I had a baking day last weekend with my childhood friend-for-eva. Except she did more baking and I did more melting. It was actually a great combo. We each got oodles of cookies & candy at the end of the day! Peppermint Bark is a staple around here for the Christmas season. And nobody lets me 'forget' to make it. But I did want to change it up a bit this year. Basically, the standard method goes like this:
Prep: Bags of white chocolate chips (Ghiradelli is the best & its usually goes on sale for the month of December, I stock up by buying a few bags each week), bottle of peppermint extract (almost always out of stock in December, so buy in November!), candy canes & wax paper.
This would be far more interesting and fun if I had taken pictures during all this, but your hands get suuuper sticky (at least mine do!) so I try to avoid touching anything I don't have to! So I don't blame you if skip down past all my blabbing and just photo gaze.
1. Unwrap your candy canes (about 1 box of 12 per 4 bags of chocolate sounds about right). Put your unwrapped candy canes into a gallon size baggie and place this in a tupperware container because the bag will tear a bit as you break up the candy. Call on your little-big brother(s), husband, dad or anyone really and have them smash those canes to pieces with a mallet, muddler, rolling pin...whatever works. This is definitely a part of the process people don't mind helping with. Or if you're feeling particularly
stressed this season, have at it yourself!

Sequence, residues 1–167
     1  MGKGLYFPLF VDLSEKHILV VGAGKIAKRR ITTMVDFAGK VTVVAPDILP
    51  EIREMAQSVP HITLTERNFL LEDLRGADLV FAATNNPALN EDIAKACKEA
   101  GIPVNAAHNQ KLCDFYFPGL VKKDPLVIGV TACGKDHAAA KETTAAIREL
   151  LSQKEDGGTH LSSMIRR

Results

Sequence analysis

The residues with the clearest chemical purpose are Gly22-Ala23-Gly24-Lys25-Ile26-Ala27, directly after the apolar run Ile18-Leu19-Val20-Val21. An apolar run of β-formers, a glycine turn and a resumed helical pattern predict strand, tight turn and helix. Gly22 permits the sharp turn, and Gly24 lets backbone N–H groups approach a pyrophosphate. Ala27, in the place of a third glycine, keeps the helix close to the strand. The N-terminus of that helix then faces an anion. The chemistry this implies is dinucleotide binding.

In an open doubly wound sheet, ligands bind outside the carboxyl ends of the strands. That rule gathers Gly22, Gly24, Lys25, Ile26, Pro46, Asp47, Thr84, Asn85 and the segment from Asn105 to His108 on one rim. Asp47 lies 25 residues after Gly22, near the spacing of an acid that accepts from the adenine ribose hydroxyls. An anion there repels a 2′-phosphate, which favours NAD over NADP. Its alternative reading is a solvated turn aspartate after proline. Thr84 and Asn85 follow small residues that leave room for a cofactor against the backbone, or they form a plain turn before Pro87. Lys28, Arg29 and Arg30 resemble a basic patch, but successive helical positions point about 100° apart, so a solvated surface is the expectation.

2. Put 1 bag of white chocolate chips into a microwave safe bowl and add a couple drops of peppermint extract.
3. Microwave for 30 seconds, stir.
4. Microwave again for 20-30 seconds. This is usually enough for the chocolate to be melted and not burnt. White chocolate burns QUICK. Thus, I melt it in the microwave, it's much easier to control the amount of heat exposure vs. using a double-boiler. You may still have a few lumps after two rounds in the microwave, but if you stir, they go away. Avoid re-heating a third time, it pretty much always ends in brown, chalky used- to-be chocolate.
5. Spread the white chocolate out onto wax paper (think like you're icing a sheet cake, not too thick & not too thin). Sprinkle with candy cane bits & dust and let cool. It only takes thirty minutes or so for the chocolate to be hardened up enough to break into pieces.
Isn't it so festive looking? It's also very festive smelling.
And for the change-up this year, I made a few batches like this:
I purchased a snowflake candy mold from Micheals (by Martha Stewart, $1.49 on clearance!!). I put the candy pieces in first and then spooned in the chocolate on top. I added some milk chocolate too, from another experiment, and I put the left-overs in as a middle layer between the candy cane bits and white chocolate. Since these were pretty thick, I cooled them in the freezer.
One last thing. I've been admiring all these cake pops that seem to be popping up everywhere. But I'm a little intimidated to try making them just yet, so I'm easing into it with dipped marshmallows.
Melt milk chocolate (pretty hard to burn, so zap it or double boil it). Stick lollipop sticks (also found at Michaels) into the marshmallows, dip in chocolate and sprinkle with candy cane bits & let cool. Bonus: the lopsided marshmallows become round and plump again with the chocolate coating.
So, there it is. Two easy Christmas treats. And these aren't too particular in method, so you can kick back and visit with a friend, family member or offspring while creating. Nothing better than chocolate to bring all your loved ones together, right?!